The recent outbreak of violence in Gaza is the most significant attack on the Palestinian territory since Israel launched Operation Cast Lead in 2008-09. Airstrikes have already killed at least 14 including an 11 month old baby. Numerous other casualties have been inflicted on Palestinian civilians, with an estimated 250 maimed or wounded, despite Israeli assurances these bombings are “surgical” and “targeted”.
Reports across the media claim that, before his extra-judicial assassination by an IDF airstrike, Ahmed Jabari, Hamas’ military leader, was considering a permanent truce. Israel’s act of pre-emptive aggression now appears to have ended any chance of a peace deal in the immediate future and has only served to escalate violence and inflict more suffering onto innocent civilians.
Despite calls from Palestine’s envoy to the UN for the “Security Council to act in accordance with its responsibilities to stop this aggression against our people”, the international community has failed to stand up for Palestinians and hold the Israeli government responsible for this new attack.
Instead Labour’s Shadow Foreign Secretary Douglas Alexander laid the blame firmly upon Gaza, which has been under Israeli blockade for over five years without access to medical supplies, restricted freedom of movement and no ability to trade with others.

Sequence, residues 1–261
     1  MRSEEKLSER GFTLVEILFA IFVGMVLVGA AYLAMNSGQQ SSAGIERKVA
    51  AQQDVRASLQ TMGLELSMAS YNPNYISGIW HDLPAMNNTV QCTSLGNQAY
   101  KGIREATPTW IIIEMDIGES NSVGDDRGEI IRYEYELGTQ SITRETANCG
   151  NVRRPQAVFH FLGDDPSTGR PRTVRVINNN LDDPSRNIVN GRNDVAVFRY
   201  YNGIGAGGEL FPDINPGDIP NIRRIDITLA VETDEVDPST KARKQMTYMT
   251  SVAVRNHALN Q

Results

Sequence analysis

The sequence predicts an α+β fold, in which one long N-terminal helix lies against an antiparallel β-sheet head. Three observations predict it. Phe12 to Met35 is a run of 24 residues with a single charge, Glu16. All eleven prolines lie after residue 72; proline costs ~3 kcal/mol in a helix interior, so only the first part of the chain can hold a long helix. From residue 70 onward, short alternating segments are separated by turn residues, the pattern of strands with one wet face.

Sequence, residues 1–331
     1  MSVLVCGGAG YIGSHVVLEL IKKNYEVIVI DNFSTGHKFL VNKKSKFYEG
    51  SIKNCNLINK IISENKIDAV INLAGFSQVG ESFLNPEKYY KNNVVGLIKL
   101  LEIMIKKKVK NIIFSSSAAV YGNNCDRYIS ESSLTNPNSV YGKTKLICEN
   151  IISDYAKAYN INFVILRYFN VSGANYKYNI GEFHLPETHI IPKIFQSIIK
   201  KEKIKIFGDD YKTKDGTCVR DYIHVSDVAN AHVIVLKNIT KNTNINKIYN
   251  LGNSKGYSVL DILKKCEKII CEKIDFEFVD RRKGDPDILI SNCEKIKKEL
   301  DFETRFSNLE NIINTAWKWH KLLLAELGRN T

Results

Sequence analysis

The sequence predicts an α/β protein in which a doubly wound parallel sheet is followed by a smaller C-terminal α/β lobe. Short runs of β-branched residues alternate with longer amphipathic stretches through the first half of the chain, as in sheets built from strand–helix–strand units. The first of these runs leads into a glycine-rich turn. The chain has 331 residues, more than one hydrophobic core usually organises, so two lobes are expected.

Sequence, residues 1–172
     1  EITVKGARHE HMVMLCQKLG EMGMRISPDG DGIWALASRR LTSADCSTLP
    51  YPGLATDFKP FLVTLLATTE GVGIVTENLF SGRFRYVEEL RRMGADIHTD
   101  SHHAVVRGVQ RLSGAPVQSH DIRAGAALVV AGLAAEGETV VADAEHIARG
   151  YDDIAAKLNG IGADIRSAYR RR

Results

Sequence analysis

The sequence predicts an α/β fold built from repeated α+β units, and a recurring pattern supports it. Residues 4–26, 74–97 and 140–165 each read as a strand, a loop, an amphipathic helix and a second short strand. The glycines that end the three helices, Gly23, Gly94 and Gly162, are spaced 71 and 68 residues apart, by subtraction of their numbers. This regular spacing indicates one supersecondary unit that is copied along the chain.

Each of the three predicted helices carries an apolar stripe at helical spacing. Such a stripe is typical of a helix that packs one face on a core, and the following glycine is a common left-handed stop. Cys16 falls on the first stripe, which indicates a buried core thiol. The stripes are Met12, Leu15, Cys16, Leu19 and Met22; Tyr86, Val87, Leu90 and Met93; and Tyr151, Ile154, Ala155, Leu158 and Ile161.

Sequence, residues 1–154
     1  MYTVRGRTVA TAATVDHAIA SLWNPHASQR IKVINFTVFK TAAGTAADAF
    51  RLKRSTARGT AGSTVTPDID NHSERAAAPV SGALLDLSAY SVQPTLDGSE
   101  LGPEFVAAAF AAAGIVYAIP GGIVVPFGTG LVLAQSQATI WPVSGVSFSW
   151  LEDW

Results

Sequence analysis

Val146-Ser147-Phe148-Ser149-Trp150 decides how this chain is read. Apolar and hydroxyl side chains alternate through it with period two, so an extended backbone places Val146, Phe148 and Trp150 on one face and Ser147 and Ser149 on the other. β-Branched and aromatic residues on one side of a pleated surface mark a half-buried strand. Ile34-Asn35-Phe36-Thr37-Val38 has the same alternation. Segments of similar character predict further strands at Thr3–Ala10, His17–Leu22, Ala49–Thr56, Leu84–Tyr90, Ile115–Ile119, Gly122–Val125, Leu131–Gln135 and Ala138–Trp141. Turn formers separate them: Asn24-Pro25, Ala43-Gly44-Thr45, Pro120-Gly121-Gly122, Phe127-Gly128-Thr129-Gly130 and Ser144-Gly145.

Alexander’s statement completely disregards the severe power disparity between Gaza, one of the most densely populated territories in the world forced into poverty by sustained embargoes, and Israel, a military superpower with a nuclear arsenal and full Western backing.
In a week when Israel has threatened to topple the democratically-elected President of the Palestinian West Bank territory Mahmoud Abbas, it is difficult to believe that their intransigence is any thing other than an indication of the contempt with which they hold the Palestinian people. Israel’s already questionable commitment to a meaningful peace plan and an equitable solution to the almost 70 year conflict has been cast even further into doubt.
As a principled and progressive government-in-waiting, Labour should reassert its commitment to an ethical foreign policy grounded in peace, solidarity and justice. The Tories have made clear they are unwilling to pursue a more balanced approach and deviate from the path set by Bush and Blair, who were the only two Western world leaders who failed to condemn Israel’s attack on Lebanon in 2008.
Ed Miliband said in his Conference Q&A in 2011 that “you are no friend of Israel if you defend the status quo”. It is time that Labour’s foreign policy reflected this truth and embraced a commitment to standing together with the Palestinian people and rejecting Israeli apartheid. Labour must ensure it unites with global majority on the right side of history.